This is an expansion on Mike’s take on juice boxes in the latest Topical Solve. We, as a people, live our lives box to box. This is my theory:
We begin as babys suckling at the teat. Soon, the teat is replaced with the synthetic nipple of the bottle of formula once the mom gets tired of a baby suckling at her teat I assume. I don’t know I’ve never been a mom and I was a baby last time that I was suckling at a teat so my memory of the experience is foggy. Anyways we move from Teat to Bottle in infancy, in toddlerhood we stick mostly with the bottle (the “Bahbah” as developing young voices tend to call it).
It is at this point when the key turnover happens. At some time you abandon the bottle of formula and are handed the humble box of juice. Juicy Juice, Motts, Minute Maid, Tree Top, Sam’s Club brand, boxes of that nature. The teat gives way to the plastic straw, jabbed through the thin foil lining of the top of the box.
The box of juice reigns supreme for years. The box of juice has such sway with the Toddler to Young Child (ages 2-6) eras that even other significant drinks such as milk must conform to the box tradition in order to retain relevance. At this point, other forms of juice containment pale in relation to the box.
When the child hits elementary school status, they’re introduced to new forms – the carton, a play on the familiar box sans straw. The pouch, a box reimagined as a thinner more flexible foil thing. Even the bottle, th surrogate teat, makes its reappearance via the Kool Aid Burst, a product bottle-like in nature, but informal enough to retain the playfully low-stakes that juice deserves and I believe desires in some senses.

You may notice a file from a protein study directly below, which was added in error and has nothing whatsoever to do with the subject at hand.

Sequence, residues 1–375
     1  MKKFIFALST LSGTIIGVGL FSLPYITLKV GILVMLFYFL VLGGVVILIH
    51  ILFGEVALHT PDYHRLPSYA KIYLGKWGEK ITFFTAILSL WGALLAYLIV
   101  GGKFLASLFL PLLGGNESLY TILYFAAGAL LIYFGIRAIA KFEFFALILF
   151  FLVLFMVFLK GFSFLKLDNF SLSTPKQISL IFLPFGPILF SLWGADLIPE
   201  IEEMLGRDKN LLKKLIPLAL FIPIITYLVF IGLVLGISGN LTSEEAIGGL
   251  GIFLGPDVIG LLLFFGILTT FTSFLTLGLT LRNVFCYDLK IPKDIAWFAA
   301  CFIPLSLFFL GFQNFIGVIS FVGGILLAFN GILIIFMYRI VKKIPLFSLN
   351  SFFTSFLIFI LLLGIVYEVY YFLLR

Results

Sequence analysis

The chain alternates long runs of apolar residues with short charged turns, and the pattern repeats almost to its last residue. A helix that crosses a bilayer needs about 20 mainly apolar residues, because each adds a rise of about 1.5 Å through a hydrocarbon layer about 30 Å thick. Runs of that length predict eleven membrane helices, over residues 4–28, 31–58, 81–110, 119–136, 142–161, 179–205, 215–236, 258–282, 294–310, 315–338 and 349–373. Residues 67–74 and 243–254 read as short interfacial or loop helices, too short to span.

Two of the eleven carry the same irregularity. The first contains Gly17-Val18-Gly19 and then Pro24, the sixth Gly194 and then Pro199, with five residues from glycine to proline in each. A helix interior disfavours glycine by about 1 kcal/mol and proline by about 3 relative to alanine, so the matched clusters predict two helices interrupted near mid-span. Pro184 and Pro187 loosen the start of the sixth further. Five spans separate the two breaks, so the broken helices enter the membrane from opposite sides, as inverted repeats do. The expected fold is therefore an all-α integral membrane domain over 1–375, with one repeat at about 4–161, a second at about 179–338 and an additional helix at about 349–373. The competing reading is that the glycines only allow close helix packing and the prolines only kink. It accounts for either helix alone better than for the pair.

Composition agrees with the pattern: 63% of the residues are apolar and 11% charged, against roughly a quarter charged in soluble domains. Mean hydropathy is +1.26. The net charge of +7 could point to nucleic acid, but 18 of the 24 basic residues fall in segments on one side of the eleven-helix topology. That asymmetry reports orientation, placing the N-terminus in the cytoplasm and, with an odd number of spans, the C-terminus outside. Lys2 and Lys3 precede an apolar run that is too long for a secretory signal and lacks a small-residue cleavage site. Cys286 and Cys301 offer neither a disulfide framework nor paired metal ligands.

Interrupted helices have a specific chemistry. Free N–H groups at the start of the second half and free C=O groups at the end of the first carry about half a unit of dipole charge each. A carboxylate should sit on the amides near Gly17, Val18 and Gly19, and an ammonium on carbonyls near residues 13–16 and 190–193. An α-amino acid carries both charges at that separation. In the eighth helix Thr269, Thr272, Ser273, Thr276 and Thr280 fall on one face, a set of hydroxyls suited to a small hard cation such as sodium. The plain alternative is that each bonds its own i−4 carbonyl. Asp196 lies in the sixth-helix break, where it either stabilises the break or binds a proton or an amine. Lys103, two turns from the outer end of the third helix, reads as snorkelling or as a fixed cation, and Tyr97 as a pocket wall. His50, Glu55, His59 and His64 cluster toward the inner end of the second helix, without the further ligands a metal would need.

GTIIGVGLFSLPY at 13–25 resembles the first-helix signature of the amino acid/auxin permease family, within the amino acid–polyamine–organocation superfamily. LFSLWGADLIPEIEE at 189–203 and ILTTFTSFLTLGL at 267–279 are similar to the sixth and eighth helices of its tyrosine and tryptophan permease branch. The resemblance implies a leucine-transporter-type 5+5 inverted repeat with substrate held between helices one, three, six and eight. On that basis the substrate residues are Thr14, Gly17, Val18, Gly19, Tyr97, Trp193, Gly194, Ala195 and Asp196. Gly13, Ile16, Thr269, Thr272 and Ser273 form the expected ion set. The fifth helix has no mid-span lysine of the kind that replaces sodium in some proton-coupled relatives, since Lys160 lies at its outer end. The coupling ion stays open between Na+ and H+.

Yet, at some point in the elementary school days, the box’s reign is challenged and quickly, quickly felled by the satisfying crack of a can. That’s right, I’m talkin’ soda, baby. Coke, Pepsi, RC, those sorts of things, Sierra Mist, you’re familiar with the product. The first sip of a soda as a child completely diminishes the value of a box. Soon the child sees the humble, unquestioning box of apple juice next to the powerful, enticing can of Mount & Dew and they’re hooked. They’ll never get back to the box.
The box is diminished. The box’s reign ends as quickly as it began.
The can gives some of its power to the bottle at a certain point – but it’s not the bottle of our infancy. Short of the 20 ounce tall ribbed gatorade bottle, the nipple is virtually extinguished from our cultural desire, replaced by wide-mouth openings and squeeze nozzles. As one ages from childhood to adolescence, phrases such as “Ginseng & Guarana”, “Monster BFC” and “Arnold Palmer” begin to have meaning beyond what could’ve been understood as a child.
Then aging continues. The bottles turn from plastic to glass. The cans grow in size, the familiar twelve ouncer doubles and size and takes on a new moniker: Tall Boy. The bottle and can reign supreme for years throughout the twenties and thirties. Bottles of wine are sabred, cans of brewski are shotgunned. History’s ultimate can, the Heineken Mini-Keg, becomes a commonality. The world seems clear. The box seems like a distant memory.
And yet… As we age into our collective forties, we gain a new outlook. Cases of beer begin to feel juvenile. Bottles of wine too unwieldy. Collectively, for entertaining, for personal use, for general versatility, we search for a new container for adult beverage use. Where do we end?
The Box. Once again, the box. Gone is the straw and introduced is the nozzle. Juicy Juice and Mott’s give way to Franzia, Bota, and Fred Meyer. The box, one a source of hydration and flavor for a thirsty young child in preschool snacktime becomes a source of intoxication and flavor for a thirsty old soul during weekend playtime. The Box regains its aura, retains its power, and we return to suckle at its metaphorical teat.
This is who we are as people. We start with box, we end with box, and we live lives between them. This is the box-to-box theory.